Historic Poverty Bay and the East Coast, N.I., N.Z.
Father John Lampila, S.M., who was born in France in 1808, arrived in New Zealand in May, 1842. He was ordained at Kororareka on Christmas Day, 1842, being the second priest to be ordained there. One of his first districts was the Bay of Plenty. After leaving Hawke's Bay in 1852, he ministered on the Wanganui River, first at Kaiwhaiki (1852–4) and then at Kauaeroa (1854, till the Hauhau rising in 1864). From 1868 till 1872 he was stationed at Wanganui; from 1872 till 1879, in Taranaki; and from 1883 till 1887, at Kaikoura. He then returned to France, where he died on 14 February, 1897.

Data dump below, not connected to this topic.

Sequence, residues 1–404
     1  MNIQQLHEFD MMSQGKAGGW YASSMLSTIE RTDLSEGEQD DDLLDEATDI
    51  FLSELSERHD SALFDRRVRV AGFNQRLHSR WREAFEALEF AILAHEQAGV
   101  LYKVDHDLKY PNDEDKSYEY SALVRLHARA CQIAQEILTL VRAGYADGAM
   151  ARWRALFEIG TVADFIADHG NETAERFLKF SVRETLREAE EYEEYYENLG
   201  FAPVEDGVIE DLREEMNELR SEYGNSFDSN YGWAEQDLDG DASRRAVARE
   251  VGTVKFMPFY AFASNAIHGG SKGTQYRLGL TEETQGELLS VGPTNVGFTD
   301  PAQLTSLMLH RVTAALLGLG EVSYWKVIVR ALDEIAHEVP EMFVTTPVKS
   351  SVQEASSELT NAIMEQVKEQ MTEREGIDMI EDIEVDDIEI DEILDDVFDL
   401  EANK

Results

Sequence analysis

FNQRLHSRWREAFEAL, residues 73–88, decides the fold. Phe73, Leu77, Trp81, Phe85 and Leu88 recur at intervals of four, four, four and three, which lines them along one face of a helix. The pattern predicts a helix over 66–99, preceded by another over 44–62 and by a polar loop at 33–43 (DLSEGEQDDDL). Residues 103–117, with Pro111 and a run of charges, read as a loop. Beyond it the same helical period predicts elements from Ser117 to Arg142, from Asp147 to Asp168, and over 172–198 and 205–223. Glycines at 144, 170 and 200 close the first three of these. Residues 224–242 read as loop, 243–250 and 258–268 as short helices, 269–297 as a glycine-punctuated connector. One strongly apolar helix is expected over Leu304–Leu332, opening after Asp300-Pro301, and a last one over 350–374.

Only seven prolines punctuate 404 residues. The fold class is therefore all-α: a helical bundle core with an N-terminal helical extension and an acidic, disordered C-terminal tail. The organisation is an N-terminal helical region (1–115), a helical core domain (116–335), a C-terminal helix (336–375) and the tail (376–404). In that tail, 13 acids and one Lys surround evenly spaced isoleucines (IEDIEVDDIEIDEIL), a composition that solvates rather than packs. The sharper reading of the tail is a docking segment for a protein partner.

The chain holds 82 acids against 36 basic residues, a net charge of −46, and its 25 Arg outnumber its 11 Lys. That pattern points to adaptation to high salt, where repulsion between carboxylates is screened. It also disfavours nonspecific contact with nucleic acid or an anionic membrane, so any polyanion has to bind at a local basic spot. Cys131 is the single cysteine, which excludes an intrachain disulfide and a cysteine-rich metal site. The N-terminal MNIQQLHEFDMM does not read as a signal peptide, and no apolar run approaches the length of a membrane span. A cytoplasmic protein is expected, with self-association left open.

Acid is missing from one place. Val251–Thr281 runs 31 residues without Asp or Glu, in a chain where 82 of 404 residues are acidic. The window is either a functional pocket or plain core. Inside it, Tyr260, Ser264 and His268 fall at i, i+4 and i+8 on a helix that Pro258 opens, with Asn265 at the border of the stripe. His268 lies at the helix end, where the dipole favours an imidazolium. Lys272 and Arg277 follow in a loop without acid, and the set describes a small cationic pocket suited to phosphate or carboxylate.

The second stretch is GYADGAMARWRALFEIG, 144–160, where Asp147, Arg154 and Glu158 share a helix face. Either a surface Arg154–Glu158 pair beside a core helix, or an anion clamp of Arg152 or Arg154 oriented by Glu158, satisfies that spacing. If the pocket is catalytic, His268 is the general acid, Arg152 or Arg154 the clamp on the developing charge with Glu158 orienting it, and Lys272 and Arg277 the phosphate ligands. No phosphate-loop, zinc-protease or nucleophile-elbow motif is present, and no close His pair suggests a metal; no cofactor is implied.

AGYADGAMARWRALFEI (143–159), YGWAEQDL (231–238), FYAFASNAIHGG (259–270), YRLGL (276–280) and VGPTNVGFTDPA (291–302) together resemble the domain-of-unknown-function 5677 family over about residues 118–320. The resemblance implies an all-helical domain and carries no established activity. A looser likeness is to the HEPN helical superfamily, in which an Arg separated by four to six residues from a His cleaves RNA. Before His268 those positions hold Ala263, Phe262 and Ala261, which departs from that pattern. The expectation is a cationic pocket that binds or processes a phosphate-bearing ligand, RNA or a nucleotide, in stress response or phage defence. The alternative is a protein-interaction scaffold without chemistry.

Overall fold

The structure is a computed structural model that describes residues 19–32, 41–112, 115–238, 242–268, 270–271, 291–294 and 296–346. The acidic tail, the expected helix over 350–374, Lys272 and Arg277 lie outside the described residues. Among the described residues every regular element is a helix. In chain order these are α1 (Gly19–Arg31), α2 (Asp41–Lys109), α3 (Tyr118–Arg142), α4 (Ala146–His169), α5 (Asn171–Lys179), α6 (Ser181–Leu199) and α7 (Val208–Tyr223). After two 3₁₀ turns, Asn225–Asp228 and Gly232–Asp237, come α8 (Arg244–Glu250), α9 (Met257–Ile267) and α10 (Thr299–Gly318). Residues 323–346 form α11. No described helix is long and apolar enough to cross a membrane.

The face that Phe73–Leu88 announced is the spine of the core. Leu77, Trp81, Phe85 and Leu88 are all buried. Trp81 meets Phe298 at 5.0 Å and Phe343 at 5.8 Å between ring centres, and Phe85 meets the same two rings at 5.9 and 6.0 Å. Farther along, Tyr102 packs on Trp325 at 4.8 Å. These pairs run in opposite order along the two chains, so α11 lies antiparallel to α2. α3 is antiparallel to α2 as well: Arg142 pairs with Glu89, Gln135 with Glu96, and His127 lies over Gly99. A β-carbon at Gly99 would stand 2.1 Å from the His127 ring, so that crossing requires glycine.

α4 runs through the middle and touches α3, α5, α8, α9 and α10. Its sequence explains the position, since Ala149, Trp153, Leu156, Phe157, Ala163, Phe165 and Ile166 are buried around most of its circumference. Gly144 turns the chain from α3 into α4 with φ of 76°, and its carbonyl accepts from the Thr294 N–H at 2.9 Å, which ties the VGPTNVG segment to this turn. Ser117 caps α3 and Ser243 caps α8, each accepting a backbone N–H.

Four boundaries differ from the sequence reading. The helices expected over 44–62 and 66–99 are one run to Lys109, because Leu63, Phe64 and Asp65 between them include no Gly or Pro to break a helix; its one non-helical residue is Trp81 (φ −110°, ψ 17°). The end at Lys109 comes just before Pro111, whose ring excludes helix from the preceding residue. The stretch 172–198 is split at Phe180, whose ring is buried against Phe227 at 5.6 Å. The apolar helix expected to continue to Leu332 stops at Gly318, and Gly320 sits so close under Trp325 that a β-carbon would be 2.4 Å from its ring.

Born in France in 1811, Father Claude Baty arrived at the Bay of Islands on 16 June, 1838. Before he went to Mahia in 1841 he was stationed at Matata. Upon his return to the north in 1842 he ministered in and around the Bay of Islands. In 1850 he was transferred to New Caledonia, where he died in 1851. He was the first white man to feast his eyes upon the beauties of Lake Waikaremoana. In a letter (dated 18/1/1843) which he sent to Father Maitrepierre in France (a copy of which was kindly supplied to the writer by His Grace the Most Rev. P. T. McKeefry, Coadjutor Archbishop of Wellington), Father Baty states that he arrived at the lake on “Thursday, Christmas Eve” [? 23 December] and that on the 24th “a Protestant missionary [William Colenso] from the Bay of Islands arrived.” He also states that he crossed the lake in advance of the Protestant missionary.